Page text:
LESLEY KEATING: Want a good laugh? Try magnetic eyelashes

Lesley ended up looking like Malcolm McDowell's character Alex DeLarge in a Clockwork Orange
Lesley ended up looking like Malcolm McDowell's character Alex DeLarge in a Clockwork Orange
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False eyelashes and me don’t get on. I look like something out of A Clockwork Orange and either get glue everywhere, or they fall off sideways. I can’t tell you how many times I’ve bought sets only to chuck them away. Never learn, do I?

But the other day I thought I’d found the answer to my prayers – magnetic lashes!

Magnetic false eyelashes - fiddly doesn't cover it

Magnetic false eyelashes - fiddly doesn't cover it

According to the instructions you lay one on top of your lashes, put the other under and, bingo, they attach with tiny magnets.

Well, I’ve never laughed so much in all my life.

The sheer entertainment value of trying to line up then attach the bloomin’ things just to watch them ping off again.

Hysterically funny and worth every penny of the £15 I’d wasted on them. Highly recommended!


Everyone knows there are scammers out there who prey on vulnerable people. But, as for the rest of us, we all know a scam when we see it, don’t we? We would never get caught. Or would we?

The other day something happened to an elderly friend which a I am sharing in the hope it will prevent someone else getting caught by this particularly nasty trick.

Our friend answered a text from someone called ‘Sarah’.

As her goddaughter is called Sarah she didn’t have any reservations at all in responding when ‘Sarah’ told her she’d broken her wrist and was in hospital. She allegedly needed help as she’d nearly had run out of credit on her Pay As You Go phone but needed to make some urgent calls so please could she borrow some money?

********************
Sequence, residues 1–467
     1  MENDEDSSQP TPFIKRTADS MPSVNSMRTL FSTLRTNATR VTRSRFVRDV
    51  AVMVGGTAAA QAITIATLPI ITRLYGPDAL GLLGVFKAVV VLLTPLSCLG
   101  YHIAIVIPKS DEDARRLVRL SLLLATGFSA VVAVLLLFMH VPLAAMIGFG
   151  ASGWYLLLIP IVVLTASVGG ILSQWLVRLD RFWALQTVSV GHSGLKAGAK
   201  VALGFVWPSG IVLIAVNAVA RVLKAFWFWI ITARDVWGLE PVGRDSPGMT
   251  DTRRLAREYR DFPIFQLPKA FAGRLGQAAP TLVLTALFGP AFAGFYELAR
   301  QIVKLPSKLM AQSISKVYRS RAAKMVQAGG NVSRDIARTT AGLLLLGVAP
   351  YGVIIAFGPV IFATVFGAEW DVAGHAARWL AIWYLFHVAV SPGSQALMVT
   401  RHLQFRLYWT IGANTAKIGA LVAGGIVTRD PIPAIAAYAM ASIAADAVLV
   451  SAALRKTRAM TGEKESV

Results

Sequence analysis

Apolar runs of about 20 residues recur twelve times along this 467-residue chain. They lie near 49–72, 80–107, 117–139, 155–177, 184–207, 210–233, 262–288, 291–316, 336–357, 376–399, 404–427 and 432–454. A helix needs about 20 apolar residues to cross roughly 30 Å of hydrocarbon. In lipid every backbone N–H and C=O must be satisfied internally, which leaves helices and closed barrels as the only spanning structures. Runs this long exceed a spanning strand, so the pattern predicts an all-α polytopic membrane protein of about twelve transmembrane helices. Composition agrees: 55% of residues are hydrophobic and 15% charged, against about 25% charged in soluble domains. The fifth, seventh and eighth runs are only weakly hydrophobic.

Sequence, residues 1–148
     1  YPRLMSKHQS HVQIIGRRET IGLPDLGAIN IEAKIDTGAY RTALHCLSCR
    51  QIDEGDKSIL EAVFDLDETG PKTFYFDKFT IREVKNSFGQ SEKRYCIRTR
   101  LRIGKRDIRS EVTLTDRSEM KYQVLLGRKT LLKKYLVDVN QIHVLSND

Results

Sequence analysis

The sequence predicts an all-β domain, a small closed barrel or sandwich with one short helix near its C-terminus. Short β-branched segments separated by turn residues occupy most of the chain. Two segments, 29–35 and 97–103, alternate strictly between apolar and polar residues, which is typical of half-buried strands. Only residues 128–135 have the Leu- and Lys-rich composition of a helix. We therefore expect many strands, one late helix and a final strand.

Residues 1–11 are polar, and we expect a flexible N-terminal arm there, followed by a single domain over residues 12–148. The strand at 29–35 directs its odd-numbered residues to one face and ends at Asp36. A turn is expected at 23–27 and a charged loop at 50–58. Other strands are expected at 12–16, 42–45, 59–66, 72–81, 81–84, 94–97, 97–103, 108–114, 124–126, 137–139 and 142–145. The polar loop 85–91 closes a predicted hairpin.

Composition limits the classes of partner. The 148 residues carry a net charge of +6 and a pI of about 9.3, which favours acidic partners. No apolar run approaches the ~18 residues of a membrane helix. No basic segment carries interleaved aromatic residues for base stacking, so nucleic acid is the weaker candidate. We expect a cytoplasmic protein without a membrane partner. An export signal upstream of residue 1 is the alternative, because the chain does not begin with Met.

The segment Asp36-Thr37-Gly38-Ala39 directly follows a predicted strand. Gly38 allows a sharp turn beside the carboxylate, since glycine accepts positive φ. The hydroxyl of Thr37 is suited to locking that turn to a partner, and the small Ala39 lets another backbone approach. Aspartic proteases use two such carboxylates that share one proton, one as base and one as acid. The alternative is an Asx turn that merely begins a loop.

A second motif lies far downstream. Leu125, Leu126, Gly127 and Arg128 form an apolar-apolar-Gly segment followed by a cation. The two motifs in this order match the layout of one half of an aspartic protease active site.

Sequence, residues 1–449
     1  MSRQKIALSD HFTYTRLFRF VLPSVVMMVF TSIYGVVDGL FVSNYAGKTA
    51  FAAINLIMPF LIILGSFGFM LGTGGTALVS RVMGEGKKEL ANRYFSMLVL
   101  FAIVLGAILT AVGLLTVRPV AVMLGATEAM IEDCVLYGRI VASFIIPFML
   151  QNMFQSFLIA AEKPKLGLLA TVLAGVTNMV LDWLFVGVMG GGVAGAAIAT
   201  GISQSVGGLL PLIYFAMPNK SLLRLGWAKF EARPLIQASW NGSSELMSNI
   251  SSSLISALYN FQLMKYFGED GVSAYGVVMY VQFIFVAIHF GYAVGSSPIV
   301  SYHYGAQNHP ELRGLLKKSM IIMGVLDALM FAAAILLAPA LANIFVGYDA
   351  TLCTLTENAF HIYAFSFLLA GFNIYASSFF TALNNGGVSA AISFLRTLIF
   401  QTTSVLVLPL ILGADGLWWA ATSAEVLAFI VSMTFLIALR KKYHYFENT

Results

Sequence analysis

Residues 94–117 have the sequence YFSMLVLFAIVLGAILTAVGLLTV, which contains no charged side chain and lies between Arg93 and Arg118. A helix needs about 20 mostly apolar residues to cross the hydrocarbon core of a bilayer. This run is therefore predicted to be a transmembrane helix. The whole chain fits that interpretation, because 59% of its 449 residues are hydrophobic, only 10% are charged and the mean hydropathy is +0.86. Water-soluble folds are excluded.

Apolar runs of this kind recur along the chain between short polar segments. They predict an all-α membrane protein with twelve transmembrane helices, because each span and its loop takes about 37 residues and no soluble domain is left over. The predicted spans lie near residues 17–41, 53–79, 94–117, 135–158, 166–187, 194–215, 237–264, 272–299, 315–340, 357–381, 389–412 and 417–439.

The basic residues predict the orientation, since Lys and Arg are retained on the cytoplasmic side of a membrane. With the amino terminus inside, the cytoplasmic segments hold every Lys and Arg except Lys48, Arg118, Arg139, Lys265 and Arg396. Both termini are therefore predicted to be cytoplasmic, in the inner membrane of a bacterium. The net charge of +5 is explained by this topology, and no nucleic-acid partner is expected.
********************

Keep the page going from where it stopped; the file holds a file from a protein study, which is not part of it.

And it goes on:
Our lovely friend sent her £20 as instructed only to receive another text soon afterwards thanking her but saying, sadly, it was already nearly all eaten up in ‘charges’.

So, she sent her some more.

Now, before you ask, our friend is not a doddery old lady. She’s as sharp as a tack, used to using social media and very astute. She just got caught off-guard by a callous trickster.

When reported, the bank already knew of this con trick and even said ‘Oh, not Sarah again. We get this one a lot’. Sarah is apparently a popular name choice because most of us know one.

Luckily it wasn’t a lot of money. But money is not the issue here. It’s the residual effect. Our friend has since gone through every emotion from embarrassment and shame, to anger and, now, frustration that they may have helped to fund God-knows-what.

And she especially hates thinking she was specifically targeted although it was more than likely just a random number choice.

She almost certainly wasn’t the only one caught that way.

So, if you get a similar request, make absolutely sure you know exactly who the person is by asking them to confirm a few facts first.

Even if you feel a bit daft. Better safe than sorry.


Isn’t it funny how things we say can translate very differently from other languages into English?

The other night we were having a meal in a London restaurant. I was on my way back to our table after visiting the loos but when I rounded the corner, I found the young Italian lad who worked in the kitchens was partly blocking my way while he ripped up lots of cardboard delivery boxes.

When he saw me, he gave me a lovely smile, moved all the boxes hastily to one side and politely gestured for me to pass, saying ‘Please...’

I responded with a gracious ‘thank you’ and returned his smile as I walked by, to which he then, very seriously, said...

‘Please do forgive me for my very existence.’